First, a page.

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The Honolulu Advertiser
Posted on: Wednesday, August 27, 2003

Fire at Koko Crater forces beach evacuation

By Suzanne Roig
Advertiser East Honolulu Writer

A wind-whipped brush fire on the flanks of Koko Crater burned to the edge of Kalaniana'ole Highway yesterday, forcing lifeguards at nearby Sandy Beach to evacuate beachgoers, who could hear the crackling flames 50 yards away.

A Honolulu Fire Department helicopter dips its bucket into the ocean off Sandy Beach to help fight a wind-whipped fire on Koko Crater.

Tourists stopping at the Halona Blow Hole lookout yesterday also saw smoke from a brush fire that burned the makai side of Koko Crater. People at Sandy Beach and the Koko Crater Equestrian Center had to be evacuated.

Firefighters spray water on a hot spot near Kalaniana'ole Highway just mauka of Sandy Beach after a brush fire crept close to the highway's edge. Traffic had to be diverted.

Photos by Bruce Asato • The Honolulu Advertiser

The fire, which began at 10:27 a.m., burned 50 acres to 100 acres of the makai side of the crater, facing Sandy Beach. Flames climbed to the top of the crater, also forcing the evacuation of the Koko Crater Equestrian Center. No homes were threatened, but nine fire companies, two helicopters and 50 firefighters from as far away as Waipahu battled the blaze, which was contained by 1 p.m. The fire was still burning last night.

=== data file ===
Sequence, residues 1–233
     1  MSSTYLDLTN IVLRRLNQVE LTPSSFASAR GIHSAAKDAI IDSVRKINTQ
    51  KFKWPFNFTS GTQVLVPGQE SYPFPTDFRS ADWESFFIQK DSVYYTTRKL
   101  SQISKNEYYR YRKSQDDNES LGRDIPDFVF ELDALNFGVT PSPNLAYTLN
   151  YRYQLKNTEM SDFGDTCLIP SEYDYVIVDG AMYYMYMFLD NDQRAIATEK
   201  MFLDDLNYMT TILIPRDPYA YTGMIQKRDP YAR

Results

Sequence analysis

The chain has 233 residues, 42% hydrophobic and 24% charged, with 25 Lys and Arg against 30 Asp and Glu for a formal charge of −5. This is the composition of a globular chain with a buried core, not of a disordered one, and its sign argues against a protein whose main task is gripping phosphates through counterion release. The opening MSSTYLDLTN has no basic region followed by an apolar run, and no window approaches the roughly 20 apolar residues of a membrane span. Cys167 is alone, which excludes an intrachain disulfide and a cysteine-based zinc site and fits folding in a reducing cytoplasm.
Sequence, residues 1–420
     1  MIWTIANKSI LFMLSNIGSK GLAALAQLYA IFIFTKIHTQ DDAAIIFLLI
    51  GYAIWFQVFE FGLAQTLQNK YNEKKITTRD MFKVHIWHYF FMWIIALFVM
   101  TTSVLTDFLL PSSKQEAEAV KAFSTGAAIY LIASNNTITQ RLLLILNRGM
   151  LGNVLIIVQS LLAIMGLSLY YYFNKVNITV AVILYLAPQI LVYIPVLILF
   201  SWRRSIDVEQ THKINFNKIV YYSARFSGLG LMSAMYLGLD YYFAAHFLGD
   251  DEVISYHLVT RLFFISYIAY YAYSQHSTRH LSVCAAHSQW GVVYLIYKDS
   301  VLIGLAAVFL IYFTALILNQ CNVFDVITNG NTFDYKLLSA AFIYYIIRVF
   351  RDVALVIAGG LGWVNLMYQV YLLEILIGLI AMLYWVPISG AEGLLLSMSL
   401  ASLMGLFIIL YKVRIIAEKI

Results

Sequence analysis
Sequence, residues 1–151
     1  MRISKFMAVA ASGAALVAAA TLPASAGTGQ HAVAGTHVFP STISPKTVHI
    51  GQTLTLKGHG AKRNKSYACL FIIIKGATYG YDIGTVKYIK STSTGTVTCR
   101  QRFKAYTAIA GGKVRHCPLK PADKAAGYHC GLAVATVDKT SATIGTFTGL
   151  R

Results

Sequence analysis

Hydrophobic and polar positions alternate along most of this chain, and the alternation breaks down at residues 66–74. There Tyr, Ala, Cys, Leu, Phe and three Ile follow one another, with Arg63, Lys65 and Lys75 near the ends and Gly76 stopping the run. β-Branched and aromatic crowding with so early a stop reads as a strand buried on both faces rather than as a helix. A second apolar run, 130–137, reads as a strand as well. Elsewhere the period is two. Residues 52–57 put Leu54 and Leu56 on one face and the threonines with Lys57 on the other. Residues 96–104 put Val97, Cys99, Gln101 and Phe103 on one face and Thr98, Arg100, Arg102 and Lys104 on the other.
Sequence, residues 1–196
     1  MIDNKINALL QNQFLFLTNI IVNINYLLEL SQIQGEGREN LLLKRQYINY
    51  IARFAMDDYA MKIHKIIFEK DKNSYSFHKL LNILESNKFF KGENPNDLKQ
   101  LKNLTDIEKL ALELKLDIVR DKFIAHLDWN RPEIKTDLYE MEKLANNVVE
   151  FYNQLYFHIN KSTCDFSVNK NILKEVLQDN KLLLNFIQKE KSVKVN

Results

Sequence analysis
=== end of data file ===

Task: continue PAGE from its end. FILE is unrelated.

At one point flames went right up to the pavement of Kalaniana'ole Highway, forcing the evacuation of a parking lot and a portion of the popular body-surfing spot.

Thick smoke forced police to close off Kalaniana'ole from Kealahou Street to the Halona Blow Hole in both directions and divert traffic through Hawai'i Kai. Once the fire was contained, the road and beach were reopened.

The fire began by the sewage treatment plant, across from Sandy Beach.

"We evacuated the cars in the lot first and then the beach," said lifeguard Ryan Reasoner. "It was a precautionary measure in case the winds switch, which they do frequently here."

The fire was particularly difficult to fight because of the steep terrain, said Capt. Emmit Kane of the Honolulu Fire Department.

Once the fire reached the hillside of the crater, access by foot was difficult, Kane said.

"Our personnel cannot get on the crater," Kane said. "It's too steep."

As a result, the fire department had asked the Air National Guard and the Army to be on standby in case additional air support was necessary.

Below the crater, owners corralled 31 stabled horses as far away from the billowing smoke as possible at the Koko Crater Equestrian Center. Workers were prepared to water down the corrals with garden hoses if necessary, said Mike Martin, who works at the stables.

Initially, officials thought the fire was sparked by a downed electrical pole that was knocked over by heavy equipment moving rocks in the area, said Jose Dizon, Hawaiian Electric Co. spokesman. But the minor power outage that resulted from the toppled pole was unrelated to the fire, Dizon said.

Fire officials did not yet know what caused the fire.

Reach Suzanne Roig at sroig@honoluluadvertiser.com or 395-8831.